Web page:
First Solar (NASDAQ:FSLR)
Q1 2011 Earnings Call
May 03, 2011 4:30 pm ET
Robert Gillette - Chief Executive Officer and Director
Mark Widmar - Chief Financial Officer
Larry Polizzotto - Vice President of Investor Relations
Good day, everyone, and welcome to the First Solar First Quarter 2011 Earnings Conference Call. This call is being webcast live on the Investors section of First Solar's website at www.firstsolar.com. [Operator Instructions] I would now like to turn the call over to Mr. Larry Polizzotto, Vice President of Investor Relations for First Solar, Inc. Mr. Polizzotto, you may begin.
Good afternoon, everyone, and thank you for joining us for First Solar's First Quarter 2011 Conference Call. Today after the market closed, the company issued a press release announcing our first quarter financial results and our guidance update for 2011. If you did not receive a copy of the press release, you can obtain one from the Investors section of First Solar website at firstsolar.com. In addition, we have posted the presentation for this call, as well as key quarterly statistics and historical data on financial and operating performance on our IR website. We'll be discussing the presentation during the call and webcast. An audio replay of the conference call will also be available approximately 2 hours after the conclusion of the call. The audio replay will remain available until Sunday, May 8, 2011, at 7:30 p.m. Eastern daylight time and can be accessed by dialing (888) 203-1112 if you're calling from within the United States, or (719) 457-0820 if you're calling from outside the United States, and entering the replay pass code 3266707. A replay of the webcast will be available on the Investors section at firstsolar.com approximately 2 hours after the conclusion of the call, and will be remain available for 90 calendar days. If you're a subscriber of FactSet or Thomson One, you can obtain a written transcript.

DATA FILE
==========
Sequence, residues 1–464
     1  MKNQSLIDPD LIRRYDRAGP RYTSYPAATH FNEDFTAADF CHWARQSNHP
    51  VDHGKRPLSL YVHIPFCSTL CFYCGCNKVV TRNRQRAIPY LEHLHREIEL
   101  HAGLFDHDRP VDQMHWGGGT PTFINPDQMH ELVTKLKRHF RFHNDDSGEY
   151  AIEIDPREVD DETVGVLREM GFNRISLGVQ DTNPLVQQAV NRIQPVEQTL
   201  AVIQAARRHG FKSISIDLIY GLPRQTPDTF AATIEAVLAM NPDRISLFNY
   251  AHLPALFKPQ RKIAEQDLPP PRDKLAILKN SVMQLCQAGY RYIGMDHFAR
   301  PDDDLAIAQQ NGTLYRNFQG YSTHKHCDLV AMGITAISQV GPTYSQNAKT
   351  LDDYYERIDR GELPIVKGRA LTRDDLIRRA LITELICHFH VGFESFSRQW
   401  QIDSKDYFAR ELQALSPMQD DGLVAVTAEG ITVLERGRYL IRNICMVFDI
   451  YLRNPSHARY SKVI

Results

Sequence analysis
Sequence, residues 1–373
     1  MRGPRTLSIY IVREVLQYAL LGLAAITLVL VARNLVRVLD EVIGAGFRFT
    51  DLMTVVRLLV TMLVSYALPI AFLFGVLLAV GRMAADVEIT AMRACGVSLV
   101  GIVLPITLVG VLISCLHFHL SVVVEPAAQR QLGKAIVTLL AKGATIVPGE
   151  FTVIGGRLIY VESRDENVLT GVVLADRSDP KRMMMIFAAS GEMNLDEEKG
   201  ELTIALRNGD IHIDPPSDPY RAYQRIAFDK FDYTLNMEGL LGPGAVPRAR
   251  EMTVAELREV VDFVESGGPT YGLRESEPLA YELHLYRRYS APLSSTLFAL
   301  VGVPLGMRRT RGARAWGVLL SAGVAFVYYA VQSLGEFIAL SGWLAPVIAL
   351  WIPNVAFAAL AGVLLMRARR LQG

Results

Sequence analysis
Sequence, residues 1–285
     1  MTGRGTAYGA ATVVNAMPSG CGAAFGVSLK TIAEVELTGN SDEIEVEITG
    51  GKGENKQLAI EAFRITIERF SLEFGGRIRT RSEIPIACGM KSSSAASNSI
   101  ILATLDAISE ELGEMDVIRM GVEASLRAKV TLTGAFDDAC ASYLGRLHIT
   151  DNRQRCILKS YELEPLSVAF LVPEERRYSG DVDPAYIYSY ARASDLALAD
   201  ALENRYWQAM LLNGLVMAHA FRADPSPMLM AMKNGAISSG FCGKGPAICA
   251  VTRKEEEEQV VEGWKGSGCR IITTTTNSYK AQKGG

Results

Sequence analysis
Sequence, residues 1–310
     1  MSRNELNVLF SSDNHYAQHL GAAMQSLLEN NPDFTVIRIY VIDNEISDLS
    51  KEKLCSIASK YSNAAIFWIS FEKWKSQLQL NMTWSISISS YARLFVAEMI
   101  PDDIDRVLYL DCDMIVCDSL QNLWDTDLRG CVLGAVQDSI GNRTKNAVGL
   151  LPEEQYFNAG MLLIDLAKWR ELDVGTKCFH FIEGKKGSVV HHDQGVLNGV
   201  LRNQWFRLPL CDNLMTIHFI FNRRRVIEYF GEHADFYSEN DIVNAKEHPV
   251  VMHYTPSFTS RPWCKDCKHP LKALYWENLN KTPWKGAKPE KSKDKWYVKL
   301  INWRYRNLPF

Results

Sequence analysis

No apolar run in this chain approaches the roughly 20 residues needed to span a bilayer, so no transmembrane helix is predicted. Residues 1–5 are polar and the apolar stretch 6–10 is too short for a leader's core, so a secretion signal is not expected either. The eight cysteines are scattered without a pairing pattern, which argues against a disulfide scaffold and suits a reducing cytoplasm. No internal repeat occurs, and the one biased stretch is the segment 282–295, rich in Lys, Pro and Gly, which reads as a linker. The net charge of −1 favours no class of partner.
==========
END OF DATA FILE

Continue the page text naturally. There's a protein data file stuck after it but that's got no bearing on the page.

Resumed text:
With me today are Rob Gillette, Chief Executive Officer; and Mark Widmar, Chief Financial Officer. Rob will present an overview of the company's first quarter results and give an update of the market and business. Mark will review the first quarter financial results and update guidance for 2011. We will then open up the call for questions. During the Q&A period, as a courtesy of those individuals that seek to ask questions, we ask that participants limit themself to one question. First Solar has allocated approximately one hour for today's call. I want to remind everyone that all numbers reported and discussed on today's call are based on U.S. Generally Accepted Accounting Principles, except free cash flow, which is a non-GAAP financial measure, which is reconciled to the operating cash flow in the back of our presentation.